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4.Ng P, Khangure MS, Phatouros CC, Bynevelt M, ApSimon H, McAuliffe W. Endovascular treatment of intracranial aneurysms with Guglielmi detachable coils analysis of midterm angiographic and clinical outcomes. Stroke 2002;33:210-7.  Back to cited text no. 4
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5.Johnston SC, Wilson CB, Halbach VV, Higashida RT, Dowd CF, McDermott MW, et al. Endovascular and surgical treatment of unruptured cerebral aneurysms: Comparison of risks. Ann Neurol 2000;48:11-9.  Back to cited text no. 5
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6.Cognard C, Pierot L, Boulin A, Weill A, Tovi M, Castaings L, et al. Intracranial aneurysms: Endovascular treatment with mechanical detachable spirals in 60 aneurysms. Radiology 1997;202:783-92.  Back to cited text no. 6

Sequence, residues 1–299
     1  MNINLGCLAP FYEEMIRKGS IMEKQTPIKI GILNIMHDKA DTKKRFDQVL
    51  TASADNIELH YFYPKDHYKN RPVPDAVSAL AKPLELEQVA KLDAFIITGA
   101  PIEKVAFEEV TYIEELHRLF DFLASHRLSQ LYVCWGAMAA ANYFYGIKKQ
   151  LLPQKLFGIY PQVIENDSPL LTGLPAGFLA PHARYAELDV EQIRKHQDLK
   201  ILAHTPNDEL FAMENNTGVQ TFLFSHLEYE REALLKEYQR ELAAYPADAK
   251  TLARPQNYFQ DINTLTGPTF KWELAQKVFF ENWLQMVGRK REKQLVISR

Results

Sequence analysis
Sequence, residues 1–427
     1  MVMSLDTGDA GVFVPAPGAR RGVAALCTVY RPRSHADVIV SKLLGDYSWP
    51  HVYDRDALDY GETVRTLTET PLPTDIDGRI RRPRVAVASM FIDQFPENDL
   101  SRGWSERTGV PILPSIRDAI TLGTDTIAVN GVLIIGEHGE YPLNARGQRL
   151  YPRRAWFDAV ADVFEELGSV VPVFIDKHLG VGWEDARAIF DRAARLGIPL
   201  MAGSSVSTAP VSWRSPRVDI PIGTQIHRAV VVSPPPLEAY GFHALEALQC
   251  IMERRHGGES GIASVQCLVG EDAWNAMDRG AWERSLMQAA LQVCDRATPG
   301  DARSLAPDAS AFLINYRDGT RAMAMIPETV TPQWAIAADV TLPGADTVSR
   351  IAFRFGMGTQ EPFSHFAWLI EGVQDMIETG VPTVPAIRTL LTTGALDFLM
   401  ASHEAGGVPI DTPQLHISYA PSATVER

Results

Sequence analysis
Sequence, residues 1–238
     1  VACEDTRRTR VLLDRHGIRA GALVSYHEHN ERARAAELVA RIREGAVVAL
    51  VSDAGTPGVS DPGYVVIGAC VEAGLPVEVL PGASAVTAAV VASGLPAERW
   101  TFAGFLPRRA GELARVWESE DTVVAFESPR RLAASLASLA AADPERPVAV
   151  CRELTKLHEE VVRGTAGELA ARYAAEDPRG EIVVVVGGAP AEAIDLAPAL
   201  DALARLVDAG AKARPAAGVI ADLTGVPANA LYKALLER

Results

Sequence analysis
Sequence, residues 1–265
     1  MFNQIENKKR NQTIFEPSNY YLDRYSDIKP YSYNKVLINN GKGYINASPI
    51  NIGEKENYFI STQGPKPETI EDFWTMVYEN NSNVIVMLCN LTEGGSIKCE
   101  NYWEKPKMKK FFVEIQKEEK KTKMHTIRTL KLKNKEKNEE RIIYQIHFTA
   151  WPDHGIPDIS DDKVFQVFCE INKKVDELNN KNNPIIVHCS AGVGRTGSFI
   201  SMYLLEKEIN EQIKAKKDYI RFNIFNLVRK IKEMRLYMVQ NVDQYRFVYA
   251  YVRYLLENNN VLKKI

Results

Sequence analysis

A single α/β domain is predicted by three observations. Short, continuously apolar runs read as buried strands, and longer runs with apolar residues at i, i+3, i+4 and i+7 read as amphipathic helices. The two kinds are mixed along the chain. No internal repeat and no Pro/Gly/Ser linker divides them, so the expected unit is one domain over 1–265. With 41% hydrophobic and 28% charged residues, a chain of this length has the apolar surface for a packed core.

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7.Gonzalez N, Sedrak M, Martin N, Vinuela F. Impact of anatomic features in the endovascular embolization of 181 anterior communicating artery aneurysms. Stroke 2008;39:2776-82.  Back to cited text no. 7
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8.de Oliveira JG, Beck J, Ulrich C, Rathert J, Raabe A, Seifert V. Comparison between clipping and coiling on the incidence of cerebral vasospasm after aneurysmal subarachnoid hemorrhage: A systematic review and meta-analysis. Neurosurg Rev 2006;30:22-31.  Back to cited text no. 8
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10.O'Kelly CJ, Kulkarni AV, Austin PC, Urbach D, Wallace MC. Shunt-dependent hydrocephalus after aneurysmal subarachnoid hemorrhage: Incidence, predictors, and revision rates: Clinical article. J Neurosurg 2009;111:1029-35.  Back to cited text no. 10